The summary of 1988 is treating us well. The mine crew has completely cleared all cave-ins in the Osceola tunnel. Work has begun installing track and ladders in the Red Star Winze. This Winze provides access to the Company's last gold producing area (two pounds of gold were removed the day the mine closed operation in December 1965). The Winze is positioned downward at a 60o angle, which makes for some exciting rehabilitation work. The Red Star tunnels are all open below the collar of the Winze and in hard rock. The vein is impressive. We have identified several targets for development in the near future.
South of the Red Star operation on other claims we own, Royal Gold Inc. (NASDEQ) continues its role as the operator of Kanaka Creek Joint Venture. Gold production for the first half of this year is 1,803.3 ounces. There are 46 men currently employed. The mill is running on a regular basis. Production, while erratic, seems to be increasing.
Our corporate paper work has produced a major and significant opportunity for Original Sixteen to One Mine, Inc. Last month the Pacific Stock Exchange, which is based in San Francisco, accepted our request for listing. You will remember that creating a fair market place for our shares has been a long time goal of mine. My preference has been the Pacific Stock Exchange. A specialist will handle our share transactions eliminating sometimes questionable practices of market makers.
The SEC filings will probably be cleared by October 1, 1988, at which time we will again become a fully reporting Company. Standard and Poors, a large corporate public information service, will include our corporate profile in its next publication (August 25th). Stockbrokers and investors all over the country will be able to read about our company. This is good news. This is big news for us.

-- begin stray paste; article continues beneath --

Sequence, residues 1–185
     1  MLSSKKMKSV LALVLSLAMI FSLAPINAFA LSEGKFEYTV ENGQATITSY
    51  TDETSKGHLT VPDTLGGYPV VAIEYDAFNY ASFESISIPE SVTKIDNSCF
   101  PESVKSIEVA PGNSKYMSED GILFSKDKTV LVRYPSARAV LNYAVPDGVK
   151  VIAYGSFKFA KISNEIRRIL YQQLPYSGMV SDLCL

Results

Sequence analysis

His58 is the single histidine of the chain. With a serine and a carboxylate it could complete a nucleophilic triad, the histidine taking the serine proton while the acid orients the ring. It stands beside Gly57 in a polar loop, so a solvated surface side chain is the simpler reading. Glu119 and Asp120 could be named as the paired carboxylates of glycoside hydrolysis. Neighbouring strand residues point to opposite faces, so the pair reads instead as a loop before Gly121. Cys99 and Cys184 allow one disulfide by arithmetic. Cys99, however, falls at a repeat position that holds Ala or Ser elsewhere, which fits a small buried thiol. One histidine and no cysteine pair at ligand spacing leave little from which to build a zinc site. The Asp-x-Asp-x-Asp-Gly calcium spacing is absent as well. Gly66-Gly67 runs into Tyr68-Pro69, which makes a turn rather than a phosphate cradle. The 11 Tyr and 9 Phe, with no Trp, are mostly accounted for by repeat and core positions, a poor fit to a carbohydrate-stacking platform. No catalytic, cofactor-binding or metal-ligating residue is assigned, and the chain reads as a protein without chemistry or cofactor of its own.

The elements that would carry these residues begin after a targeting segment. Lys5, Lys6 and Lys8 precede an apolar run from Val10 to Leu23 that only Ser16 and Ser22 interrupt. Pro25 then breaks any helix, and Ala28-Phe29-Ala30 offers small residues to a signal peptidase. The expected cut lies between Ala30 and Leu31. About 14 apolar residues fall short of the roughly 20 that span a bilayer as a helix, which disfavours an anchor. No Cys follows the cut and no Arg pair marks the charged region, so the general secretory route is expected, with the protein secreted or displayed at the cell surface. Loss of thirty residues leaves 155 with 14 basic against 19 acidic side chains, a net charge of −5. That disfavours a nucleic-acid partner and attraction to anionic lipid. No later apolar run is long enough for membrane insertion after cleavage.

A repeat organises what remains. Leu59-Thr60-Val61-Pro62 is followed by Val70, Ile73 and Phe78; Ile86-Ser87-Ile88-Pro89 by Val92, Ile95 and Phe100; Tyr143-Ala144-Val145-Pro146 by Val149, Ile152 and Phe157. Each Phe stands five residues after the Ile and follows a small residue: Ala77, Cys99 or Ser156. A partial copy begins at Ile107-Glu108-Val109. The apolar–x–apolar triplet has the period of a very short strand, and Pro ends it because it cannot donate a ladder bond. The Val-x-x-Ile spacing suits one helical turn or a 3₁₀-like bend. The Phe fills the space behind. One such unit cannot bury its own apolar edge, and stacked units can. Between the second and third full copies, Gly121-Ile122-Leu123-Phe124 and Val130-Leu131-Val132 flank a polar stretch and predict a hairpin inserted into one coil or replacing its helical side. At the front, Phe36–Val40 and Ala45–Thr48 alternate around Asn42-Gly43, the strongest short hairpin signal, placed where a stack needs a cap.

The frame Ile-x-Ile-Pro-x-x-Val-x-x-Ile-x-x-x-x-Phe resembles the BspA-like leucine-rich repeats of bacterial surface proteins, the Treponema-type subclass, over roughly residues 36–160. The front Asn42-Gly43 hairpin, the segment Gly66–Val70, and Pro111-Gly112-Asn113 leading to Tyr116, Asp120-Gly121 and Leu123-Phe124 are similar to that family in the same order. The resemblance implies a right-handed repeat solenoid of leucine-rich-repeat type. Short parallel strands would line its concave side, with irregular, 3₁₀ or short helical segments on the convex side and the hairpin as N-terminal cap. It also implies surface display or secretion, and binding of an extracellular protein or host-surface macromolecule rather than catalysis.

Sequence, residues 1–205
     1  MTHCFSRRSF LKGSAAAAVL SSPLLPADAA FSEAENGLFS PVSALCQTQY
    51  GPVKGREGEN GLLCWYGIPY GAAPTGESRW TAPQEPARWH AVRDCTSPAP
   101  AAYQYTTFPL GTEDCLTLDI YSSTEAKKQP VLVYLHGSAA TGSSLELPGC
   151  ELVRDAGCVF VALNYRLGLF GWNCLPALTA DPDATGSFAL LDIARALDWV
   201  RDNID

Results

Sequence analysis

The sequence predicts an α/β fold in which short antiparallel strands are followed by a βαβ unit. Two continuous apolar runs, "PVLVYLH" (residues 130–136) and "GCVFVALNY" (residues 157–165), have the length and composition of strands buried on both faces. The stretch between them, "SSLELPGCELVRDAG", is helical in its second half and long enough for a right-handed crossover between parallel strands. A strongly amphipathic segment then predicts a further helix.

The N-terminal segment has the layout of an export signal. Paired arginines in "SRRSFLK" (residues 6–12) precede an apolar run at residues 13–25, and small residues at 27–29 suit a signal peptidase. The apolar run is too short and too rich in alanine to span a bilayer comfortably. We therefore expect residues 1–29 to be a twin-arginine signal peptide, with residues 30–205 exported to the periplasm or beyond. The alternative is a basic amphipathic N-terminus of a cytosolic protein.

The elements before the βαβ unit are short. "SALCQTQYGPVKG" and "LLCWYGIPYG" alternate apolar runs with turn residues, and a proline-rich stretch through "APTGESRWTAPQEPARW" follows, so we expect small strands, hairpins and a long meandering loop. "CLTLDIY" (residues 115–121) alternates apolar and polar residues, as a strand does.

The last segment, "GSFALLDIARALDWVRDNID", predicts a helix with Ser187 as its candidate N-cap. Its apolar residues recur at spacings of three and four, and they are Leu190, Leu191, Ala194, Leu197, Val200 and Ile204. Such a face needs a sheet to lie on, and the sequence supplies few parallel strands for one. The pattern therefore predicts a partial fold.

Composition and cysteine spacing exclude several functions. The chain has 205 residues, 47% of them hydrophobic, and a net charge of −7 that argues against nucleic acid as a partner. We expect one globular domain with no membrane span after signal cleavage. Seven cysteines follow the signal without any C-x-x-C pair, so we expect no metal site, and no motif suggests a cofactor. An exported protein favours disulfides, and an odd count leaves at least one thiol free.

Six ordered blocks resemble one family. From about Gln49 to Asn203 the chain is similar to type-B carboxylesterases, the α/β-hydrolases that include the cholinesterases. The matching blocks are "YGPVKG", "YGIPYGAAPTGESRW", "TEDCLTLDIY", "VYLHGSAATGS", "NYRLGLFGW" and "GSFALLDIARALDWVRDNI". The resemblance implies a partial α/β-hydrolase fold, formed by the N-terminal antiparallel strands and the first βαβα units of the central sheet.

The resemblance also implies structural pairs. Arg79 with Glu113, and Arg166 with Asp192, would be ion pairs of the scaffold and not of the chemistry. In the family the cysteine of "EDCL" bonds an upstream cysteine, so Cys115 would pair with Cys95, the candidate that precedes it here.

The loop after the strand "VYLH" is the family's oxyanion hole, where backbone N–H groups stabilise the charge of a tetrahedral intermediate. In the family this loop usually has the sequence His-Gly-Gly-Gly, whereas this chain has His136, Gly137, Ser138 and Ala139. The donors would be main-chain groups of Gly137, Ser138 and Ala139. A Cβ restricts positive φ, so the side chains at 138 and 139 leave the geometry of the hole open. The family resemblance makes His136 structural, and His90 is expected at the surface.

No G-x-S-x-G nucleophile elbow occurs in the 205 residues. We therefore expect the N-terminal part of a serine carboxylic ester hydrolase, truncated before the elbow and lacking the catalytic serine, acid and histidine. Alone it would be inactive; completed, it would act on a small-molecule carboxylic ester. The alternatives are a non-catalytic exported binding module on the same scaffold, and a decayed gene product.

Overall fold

Our June annual meeting produced no surprises. The re-election of the board of directors provides the Company with as high a level of management as companies many times larger than ours. The directors bring to each meeting wisdom, experience, and a keen interest in seeing our company prosper. Thanks for supporting this fine group of men.
On August 5, 1988, the board met in Nevada City to discuss financial plans for the second phase of Red Star Mine. Two concepts seemed dominant:
1. A private placement or self registration of stock geared towards existing shareholders and their contacts and friends.
2. A public offering underwritten by professional financial people.
Both have merits. The first choice creates less dilution for the Company, which is a prime consideration. To accomplish this program in a timely fashion I need your interest and help in locating friends, associates, relatives or professional business people capable of purchasing some shares. We are 350 shareholders strong. Within this membership are those of you able to assist in this important phase of our growth and development.
The involvement of financial professionals in our future has a strong appeal. Unfortunately too many professionals do not take the time to study a situation like ours. Here are some key factors for our appeal:
1. Properties currently producing gold.
2. Long history of gold production and dividends.
3. No debt, cash in the bank and an active underground mining operation in the development stage.
4. Pure gold play in well managed Company with adequate geological data to suggest several targets for near term gold production.
5. Investment oriented shareholders.
6. Pacific Stock Exchange market place approves Company for trading.
Perhaps several of you can extend an introduction to financial professionals with integrity who will assist our growth and development.
Your management is conservatively optimistic about the mining days ahead. The Red Star block of ground that we have opened for inspection may contain 6,000 to 18,000 ounces of gold. Our gold mining venture in the famous high-grade Alleghany Mining District offers its participants extraordinary upside potential. The Sixteen to One vein system has been the most consistent and longest producing vein system in western United States. Many students of the District feel its resources are less than half depleted.
Count me as one of those students.
Michael M. Miller